Cancer & Disease Research
Small-molecule chaperones may reverse Alzheimer's symptoms in mice
A novel treatment for Alzheimer's disease involving the administration of pharmacological chaperones that prevent amyloid beta and tau tangles from forming in the brain may be possible, according to a new study published online on January 22 in Molecular Neurodegeneration. Read More
Dietary probiotics show potential to reverse Parkinson's symptoms
Roundworms that were fed a commercially available dietary probiotic showed less buildup of proteins that form during the progression of Parkinson's disease in a new study, published in Cell Reports on January 14. The finding provides further evidence of a link between the gut microbiome and brain function. Read More
Scientists in the Lab: Featuring Rebecca Fleeman
This month, ScienceBoard is featuring scientists in the laboratory to celebrate their important contributions to the scientific community. We are excited to introduce our first featured scientist of this month, Rebecca Fleeman of Penn State College of Medicine in Hershey, PA. Read More
Scientists develop a first-of-its-kind in vitro 3D neural tissue model
Researchers from the University of Illinois at Urbana-Champaign have successfully used stem cells to engineer nerve tissues as 3D models of neural networks to study brain function. The work was published in the December 3 edition of the Proceedings of the National Academy of Sciences. Read More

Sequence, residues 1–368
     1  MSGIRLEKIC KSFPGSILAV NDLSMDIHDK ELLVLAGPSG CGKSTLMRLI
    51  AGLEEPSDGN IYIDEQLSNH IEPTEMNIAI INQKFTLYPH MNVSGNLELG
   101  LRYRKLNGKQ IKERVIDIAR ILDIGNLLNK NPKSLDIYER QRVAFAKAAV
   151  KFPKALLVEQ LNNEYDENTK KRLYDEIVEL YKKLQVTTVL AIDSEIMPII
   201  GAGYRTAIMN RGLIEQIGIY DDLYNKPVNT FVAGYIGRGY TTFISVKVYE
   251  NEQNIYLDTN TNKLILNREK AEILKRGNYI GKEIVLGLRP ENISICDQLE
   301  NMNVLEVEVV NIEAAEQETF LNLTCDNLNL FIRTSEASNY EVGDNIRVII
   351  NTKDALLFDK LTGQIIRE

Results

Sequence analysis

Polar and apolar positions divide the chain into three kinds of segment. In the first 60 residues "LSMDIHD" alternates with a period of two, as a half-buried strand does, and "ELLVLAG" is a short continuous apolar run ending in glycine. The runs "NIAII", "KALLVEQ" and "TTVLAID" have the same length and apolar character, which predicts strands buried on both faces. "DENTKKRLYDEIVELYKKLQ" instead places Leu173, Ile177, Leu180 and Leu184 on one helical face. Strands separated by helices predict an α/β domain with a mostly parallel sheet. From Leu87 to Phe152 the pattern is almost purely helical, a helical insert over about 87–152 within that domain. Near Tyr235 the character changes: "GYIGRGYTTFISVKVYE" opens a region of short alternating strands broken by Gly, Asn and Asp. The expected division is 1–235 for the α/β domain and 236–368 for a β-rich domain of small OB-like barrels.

Scientists identify chaperones as potential therapies for Parkinson's disease
Researchers from the University of Basel have identified the malfunctional relationship and master regulatory mechanisms between chaperone proteins and α-Synuclein occurring in Parkinson's disease. The findings were published in Nature on December 4. Read More
Scientists build artificial neurons to cure chronic disease
Scientists from the University of Bath have achieved a first-of-its-kind artificial neuron on a silicon chip that behaves like a real biological neuron. The technology, published on December 3 in Nature Communications, is intended to cure chronic diseases, such as heart failure or Alzheimer's disease. Read More
New genetic risk factor discovered for Alzheimer's disease
A new genetic risk factor for late-onset Alzheimer's disease (LOAD) has been identified by researchers from the University of Kentucky. The results of the study were published in the Journal of Neuropathology & Experimental Neurology on November 21. Read More
New molecular drivers of Parkinson's disease identified
A group of researchers at the Icahn School of Medicine at Mount Sinai have discovered new molecular drivers of Parkinson's disease (PD) and subsequently determined how they impact the function of genes involved in the disease. This was accomplished using a complex statistical technique called multiscale gene network analysis (MGNA). The results were published in Nature Communications on November 20. Read More
Novel mitochondrial phenomenon helps explains early neurodegeneration
Northwestern University Feinberg School of Medicine scientists discovered a novel pathway that leads to neurodegeneration in amyotrophic lateral sclerosis (ALS). The study was published in Frontiers in Cellular Neuroscience on November 7. The pathway could explain the development of early stages of neurodegeneration which affects voluntary muscle movement such as walking and talking. Read More
Night gardeners: Microglia involved in brain plasticity during sleep
Research from the University of Rochester Medical Center (URMC) suggests that specific immune cells called microglia – which play a crucial role in reorganizing connections between nerve cells, fighting infection, and repairing damage – are primarily active during sleep. The research, conducted on mouse models, was published in Nature Neuroscience on October 21. Read More
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